A research team from the Netherlands Cancer Institute has discovered the underlying mechanism of cancer drug addiction that can lead to the development of more rational alternating therapies to kill cancer cells.

Often, cancer cells not only become resistant to existing therapy but also become addicted to the treatments that are supposed to combat and eliminate them.

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Studies in patients, animal models and cultured cells have shown that the dependency can be used against tumours, where the drug-addicted cancer cells die in large numbers when the treatment is suddenly discontinued.

Led by Netherlands Cancer Institute professor Daniel Peeper, the research was initially carried out with melanoma cells that were both resistant and addicted to a therapy based on inhibition of BRAF, which is a common driver of malignancy.

The study team used the CRISPR-Cas9 technique to kill all individual genes, one by one, in the cancer cells’ genome.

Following this, the scientists searched for cells carrying a mutation that had broken the addiction.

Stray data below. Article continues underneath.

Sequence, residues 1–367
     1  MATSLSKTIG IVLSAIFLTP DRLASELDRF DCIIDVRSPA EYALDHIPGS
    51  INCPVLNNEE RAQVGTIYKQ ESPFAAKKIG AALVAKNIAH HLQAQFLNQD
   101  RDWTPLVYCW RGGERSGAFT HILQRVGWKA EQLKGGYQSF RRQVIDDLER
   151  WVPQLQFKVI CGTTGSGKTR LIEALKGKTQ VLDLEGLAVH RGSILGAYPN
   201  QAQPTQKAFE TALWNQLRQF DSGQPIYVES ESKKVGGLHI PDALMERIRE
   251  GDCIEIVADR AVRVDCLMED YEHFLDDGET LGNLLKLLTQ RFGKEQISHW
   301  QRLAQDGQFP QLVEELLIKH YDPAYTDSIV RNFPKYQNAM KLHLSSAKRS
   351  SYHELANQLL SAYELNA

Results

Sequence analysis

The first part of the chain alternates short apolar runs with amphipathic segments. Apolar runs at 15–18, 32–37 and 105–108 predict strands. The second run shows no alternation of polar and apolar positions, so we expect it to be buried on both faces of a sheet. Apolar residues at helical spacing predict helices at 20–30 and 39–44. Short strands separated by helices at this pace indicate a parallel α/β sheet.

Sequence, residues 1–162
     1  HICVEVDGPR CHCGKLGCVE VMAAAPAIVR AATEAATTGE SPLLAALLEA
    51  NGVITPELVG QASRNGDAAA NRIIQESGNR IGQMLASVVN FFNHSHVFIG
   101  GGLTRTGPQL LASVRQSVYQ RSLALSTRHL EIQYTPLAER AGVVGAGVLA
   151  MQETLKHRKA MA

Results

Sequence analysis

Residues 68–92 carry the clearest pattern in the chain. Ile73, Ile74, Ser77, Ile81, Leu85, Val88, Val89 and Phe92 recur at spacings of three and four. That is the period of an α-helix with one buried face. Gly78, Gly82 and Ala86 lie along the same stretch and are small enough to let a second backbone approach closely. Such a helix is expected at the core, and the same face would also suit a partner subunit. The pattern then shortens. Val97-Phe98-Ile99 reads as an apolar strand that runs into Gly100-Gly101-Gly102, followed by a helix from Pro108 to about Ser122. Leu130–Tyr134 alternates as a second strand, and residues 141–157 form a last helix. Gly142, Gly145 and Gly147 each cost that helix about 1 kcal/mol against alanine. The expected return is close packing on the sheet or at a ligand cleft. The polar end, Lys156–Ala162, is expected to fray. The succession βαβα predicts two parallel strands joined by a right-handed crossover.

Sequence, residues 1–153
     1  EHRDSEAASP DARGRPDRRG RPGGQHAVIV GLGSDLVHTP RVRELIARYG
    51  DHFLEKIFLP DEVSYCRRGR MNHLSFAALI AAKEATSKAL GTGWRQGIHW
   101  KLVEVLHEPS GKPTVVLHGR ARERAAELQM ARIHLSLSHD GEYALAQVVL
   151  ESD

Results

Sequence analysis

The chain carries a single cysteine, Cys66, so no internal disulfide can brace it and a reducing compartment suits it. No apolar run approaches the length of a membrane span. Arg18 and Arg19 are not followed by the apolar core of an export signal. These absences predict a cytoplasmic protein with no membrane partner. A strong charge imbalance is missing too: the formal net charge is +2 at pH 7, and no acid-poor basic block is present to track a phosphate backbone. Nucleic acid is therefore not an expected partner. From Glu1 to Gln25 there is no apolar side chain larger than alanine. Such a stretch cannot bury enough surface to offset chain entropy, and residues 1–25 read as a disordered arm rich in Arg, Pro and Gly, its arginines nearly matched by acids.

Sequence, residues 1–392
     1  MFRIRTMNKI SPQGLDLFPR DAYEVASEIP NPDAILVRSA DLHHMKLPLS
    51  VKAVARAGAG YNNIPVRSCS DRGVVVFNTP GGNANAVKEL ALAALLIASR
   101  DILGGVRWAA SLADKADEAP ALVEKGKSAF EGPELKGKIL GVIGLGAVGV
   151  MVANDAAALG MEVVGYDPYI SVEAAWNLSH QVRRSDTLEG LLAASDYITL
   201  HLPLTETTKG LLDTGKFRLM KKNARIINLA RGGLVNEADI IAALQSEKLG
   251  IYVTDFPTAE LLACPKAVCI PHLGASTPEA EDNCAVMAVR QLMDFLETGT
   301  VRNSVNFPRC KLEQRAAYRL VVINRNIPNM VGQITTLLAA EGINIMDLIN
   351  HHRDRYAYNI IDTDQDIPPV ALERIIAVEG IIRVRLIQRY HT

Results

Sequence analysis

These cancer cells were the ones that managed to survive when the treatment was stopped, while all the remaining cells were killed.

Using the method, the researchers recognised a signalling pathway vital for drug addiction, involving proteins ERK2, JUNB, and FRA1.

“This was a proof-of-principle experiment in cultured cells demonstrating how effective these alternating treatments may be.”

Additionally, the team not only halted the treatment but subsequently treated the cancer cells with the chemotherapeutic dacarbazine.

The combination of sudden drug discontinuation and a different second treatment option proved to be more effective than only withdrawing the treatment.

The new findings can be used to target the addicted cancer cells that survived even after stopping the first treatment option.

Peeper said: “Instead of giving addicted cells a break we should probably immediately switch to another treatment.

“Now that we understand how cancer cells can overcome their drug addiction, we have a solid basis for identifying the most effective second treatment for this so-called alternating therapy approach.”

Peeper further added: “This was a proof-of-principle experiment in cultured cells demonstrating how effective these alternating treatments may be.

“It sets the stage for systematic studies identifying which treatments cooperate best with drug withdrawal for therapy-addicted cancers.”

The research received financial support from the Dutch Cancer Society and the European Research Council.